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The Rise of Global Terminal Operators: Business Strategies and Market Challenges By Theo Notteboom


The Rise of Global Terminal Operators: Business Strategies and Market Challenges.

By Theo Notteboom, President and Professor, ITMMA – University of Antwerp

6 October 2011

  • Port of Anwerp, Number 2 in Europe (No.1 = Amsterdam), 175 million netric tons, 8.4 million TEU, 60,000 direct investment, 6 billion ero value added
  • Very high level of competition of the port in that geographical area (European) i.e., MSC Home Terminal (Singapore) =4.5 millin TEU in 2010 and Deurganckdock (PSA, DP World) = 9 million TEU capacity.
  • New development of Rotterdam port
  • A Few observations
    – Terminal operatior are continuously challenges physically and operationally.
    –  Shipping industry has been dominated by a few old giant  companies
    – Entry strategies proved to be crucial
    – Container terminal activities are quite profitable

The emergence of Global terminal operators

  • Typology of global port operators – Three sides of the same coin; Stevedores (PSA, HHLA, Eurogate), maritime shipping companies (APM, MSC, APL, Hanjin, Evergreen), financial holdings (primarily making money not the others i.e., DPW, Ports America, RREEF, Macquarie)
  • Top twelve global container terminal operators in equity-based throughput
    – PSA (45 Million TEUs), Hutchison Port Holdings (32.2), DPW (31.5), APM Terminals (31.1)

Entry and Expansion strategies in the terminal operator industry

  • Entry supported by:
    – Demand for new (large-scale) terminal faciliteis
    – Privatisation, commercialisation corporation of ports,
    – Introduction of competitive bidding processes in terminal awarding (cf. concessions)
    -“Hyper” competition between local terminal operators in some port regions
    “Deep pockets” of a member of terminal operators
  • How?
    – Take-over of merger
    – Share holding
    – concessions
  • In the past in EU, very fierce competition -> low tarif -> low profit -> everything went wrong
  • Then, mergers & acquisitions (M&S) have been implemented largely since 2005. e.g.,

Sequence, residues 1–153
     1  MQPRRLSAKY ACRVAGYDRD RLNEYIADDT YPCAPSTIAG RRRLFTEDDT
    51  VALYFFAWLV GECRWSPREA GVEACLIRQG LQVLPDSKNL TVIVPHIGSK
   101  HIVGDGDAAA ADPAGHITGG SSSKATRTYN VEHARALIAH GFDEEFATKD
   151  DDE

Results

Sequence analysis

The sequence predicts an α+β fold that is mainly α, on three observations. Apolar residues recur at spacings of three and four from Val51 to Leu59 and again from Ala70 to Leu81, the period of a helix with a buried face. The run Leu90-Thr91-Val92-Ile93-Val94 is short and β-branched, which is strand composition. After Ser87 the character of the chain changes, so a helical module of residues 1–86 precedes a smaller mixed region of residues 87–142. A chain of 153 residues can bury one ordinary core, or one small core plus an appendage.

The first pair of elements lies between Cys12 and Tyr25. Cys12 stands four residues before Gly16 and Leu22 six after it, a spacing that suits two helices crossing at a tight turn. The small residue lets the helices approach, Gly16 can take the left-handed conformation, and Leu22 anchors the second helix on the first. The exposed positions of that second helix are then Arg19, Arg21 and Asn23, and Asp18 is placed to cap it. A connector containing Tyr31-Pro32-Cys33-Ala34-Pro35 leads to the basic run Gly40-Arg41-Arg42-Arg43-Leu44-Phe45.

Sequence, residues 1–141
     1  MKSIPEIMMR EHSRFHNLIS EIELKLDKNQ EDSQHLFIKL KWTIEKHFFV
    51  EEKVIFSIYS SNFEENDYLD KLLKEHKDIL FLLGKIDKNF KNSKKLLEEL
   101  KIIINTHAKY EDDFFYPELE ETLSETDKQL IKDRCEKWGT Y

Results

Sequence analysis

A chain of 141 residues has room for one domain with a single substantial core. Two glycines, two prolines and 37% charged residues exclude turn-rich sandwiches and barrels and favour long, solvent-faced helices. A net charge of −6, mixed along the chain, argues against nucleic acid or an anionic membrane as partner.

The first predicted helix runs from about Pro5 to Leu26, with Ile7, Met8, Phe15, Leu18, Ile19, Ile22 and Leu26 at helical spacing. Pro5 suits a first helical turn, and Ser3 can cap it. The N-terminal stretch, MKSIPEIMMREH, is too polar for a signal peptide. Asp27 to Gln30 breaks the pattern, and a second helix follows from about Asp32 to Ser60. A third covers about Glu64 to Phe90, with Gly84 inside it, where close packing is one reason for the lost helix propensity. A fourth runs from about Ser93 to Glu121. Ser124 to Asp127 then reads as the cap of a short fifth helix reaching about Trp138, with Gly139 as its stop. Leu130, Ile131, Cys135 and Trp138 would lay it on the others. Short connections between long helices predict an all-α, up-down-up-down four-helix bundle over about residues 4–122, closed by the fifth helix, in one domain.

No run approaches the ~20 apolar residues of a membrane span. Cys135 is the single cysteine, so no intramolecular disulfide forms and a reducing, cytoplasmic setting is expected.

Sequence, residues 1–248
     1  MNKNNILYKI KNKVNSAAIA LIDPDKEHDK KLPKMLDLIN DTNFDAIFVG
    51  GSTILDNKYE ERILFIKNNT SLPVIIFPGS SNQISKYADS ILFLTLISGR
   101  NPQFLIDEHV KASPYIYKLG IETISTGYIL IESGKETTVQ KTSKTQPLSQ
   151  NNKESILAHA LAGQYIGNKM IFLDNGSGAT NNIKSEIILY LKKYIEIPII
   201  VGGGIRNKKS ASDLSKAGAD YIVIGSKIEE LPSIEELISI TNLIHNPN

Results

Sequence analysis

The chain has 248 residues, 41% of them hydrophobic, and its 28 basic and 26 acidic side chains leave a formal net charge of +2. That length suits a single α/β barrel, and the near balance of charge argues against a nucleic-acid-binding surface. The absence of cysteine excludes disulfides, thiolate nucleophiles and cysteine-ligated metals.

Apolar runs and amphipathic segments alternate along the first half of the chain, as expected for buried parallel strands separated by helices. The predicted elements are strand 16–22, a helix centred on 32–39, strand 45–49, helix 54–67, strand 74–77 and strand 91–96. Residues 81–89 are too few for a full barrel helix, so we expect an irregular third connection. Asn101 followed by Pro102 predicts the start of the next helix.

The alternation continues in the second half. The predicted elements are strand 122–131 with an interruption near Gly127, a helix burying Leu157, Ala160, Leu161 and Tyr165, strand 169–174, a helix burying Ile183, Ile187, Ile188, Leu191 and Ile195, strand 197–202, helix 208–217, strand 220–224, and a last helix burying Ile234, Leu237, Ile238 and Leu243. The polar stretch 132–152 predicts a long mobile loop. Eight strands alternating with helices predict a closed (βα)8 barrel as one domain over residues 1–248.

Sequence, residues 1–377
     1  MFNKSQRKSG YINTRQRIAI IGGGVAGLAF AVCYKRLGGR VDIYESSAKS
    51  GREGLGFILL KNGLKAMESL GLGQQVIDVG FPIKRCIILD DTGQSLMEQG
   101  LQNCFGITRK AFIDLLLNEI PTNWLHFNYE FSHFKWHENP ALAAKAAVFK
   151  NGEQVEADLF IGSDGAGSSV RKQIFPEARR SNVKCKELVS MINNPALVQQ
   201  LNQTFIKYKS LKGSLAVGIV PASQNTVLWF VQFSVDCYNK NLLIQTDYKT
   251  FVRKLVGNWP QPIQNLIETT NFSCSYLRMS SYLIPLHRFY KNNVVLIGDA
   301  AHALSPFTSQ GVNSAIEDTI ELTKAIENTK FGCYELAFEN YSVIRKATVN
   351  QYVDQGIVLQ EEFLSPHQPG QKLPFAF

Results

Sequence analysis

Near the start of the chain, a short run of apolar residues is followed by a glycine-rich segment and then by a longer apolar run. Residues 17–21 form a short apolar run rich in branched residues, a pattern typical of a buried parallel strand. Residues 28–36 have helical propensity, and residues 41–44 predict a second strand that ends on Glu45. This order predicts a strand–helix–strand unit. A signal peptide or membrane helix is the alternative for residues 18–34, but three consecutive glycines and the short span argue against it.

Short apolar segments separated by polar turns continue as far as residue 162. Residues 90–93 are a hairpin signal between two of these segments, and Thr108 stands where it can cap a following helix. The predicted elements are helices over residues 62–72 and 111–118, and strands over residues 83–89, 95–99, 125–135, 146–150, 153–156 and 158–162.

– 2005 DP world takes over CSX World with 14 times of price compared to EBITD
    – Early 2006 – AIG acquires P&O POrts North America (24 times of price compared to EBITD )
    – Mid 2007 – RREEF acquires Maher terminals (25 times)

Why do global Terminal operator have a competitive advantage?

  • Financial Assets – Terminal and equity generating returns.
  • Managerial expertise – Experience in the management of containerised operations.
  • Gateway access – Established hinterland access, provides a stable flow of containersied shipments.
  • Leverage and Scale effects – Developemt of related inland logistics activities in terms of both price and service due to economies of scales.

The limits to industry concentration and consolidation?

  • Anti-trust – regulatory pressures and port authorities policies regarding intra-port competition
    – e.g., Case ETC/HPH
    – Contestability theory – Market should be contestable, market should be open enough to allow new players, barriers are low enough to do so.
  • Splitting and phasing of new terminal developments + MES
  • Minimum Efficient Scale (MES) the capacity beyond which there are no more significant unit cost advantages as economies of scale have been exhausted
  • typical scale of terminal keeps increasing over time from 0.5-1 million TEUs in 1990s -> minimum of 2 million TEUs since 2004 -> 5.6 million TEU (HPH – Euromax terminal (2004/2008)

How ‘global’ are global terminal operators?

  • Geographical coverage –
  • Regional orientation – Some focus on a particular area e.g., Port America and Shanghai. Those of real global operators are  Dubai Port World and  APM Terminals, covering all continents around the world, The rest are in the mix.
  • Equity sharing agreements –
  • Global financial institutions –

From Diversification to Rationalisation

Potential rationalisation strategies followed by global terminal operators

  • Intensified cost control
  • Review, postponement and cancellation of terminal projects
  • More selective investment decisions
  • More Engage ownership strategies to reduce risk, Hedging the risk example of inter-firm relationship in the three Main container Port of the Rhine-Scheldt Delta (2010) including Hutchinson Port Holding, PSA, ECT and PSA (Antwerp/Zeebrugge)
  • Divestment in terminals
  • Revisiting inland strategies

Conclusion

  • Four major terminal operators (PH, APM, PSA abd DRW) have a strong globally-oriented portfolio; regional orientation remains prevalent)
  • MOre selective investment policy.
  • Cancellation or postponement of terminal projects.
  • Sale, equity swaps and divesture
  • Rationalisation inevitably lead to concentration?

Q&A

Q: Structure of Ports in America
A: 1. USA view ports differntly (from EU) as strategic assets national security. Hence there are owned and controlled by the governmental bodies.
2. US ports in the west and in the east are different historically. West = trade with East Asia (Japan & Korea) and Europe for the ports in the east coast.

Q (PM): Port capacity – if it still growing, do we need it?
A: In Europe, there are too much now. The existing terminal will loose 2 mil TEU just because the opening of the new terminals. Hence there is a complains to the port of amsterdam to slow down the growth of the new terminals

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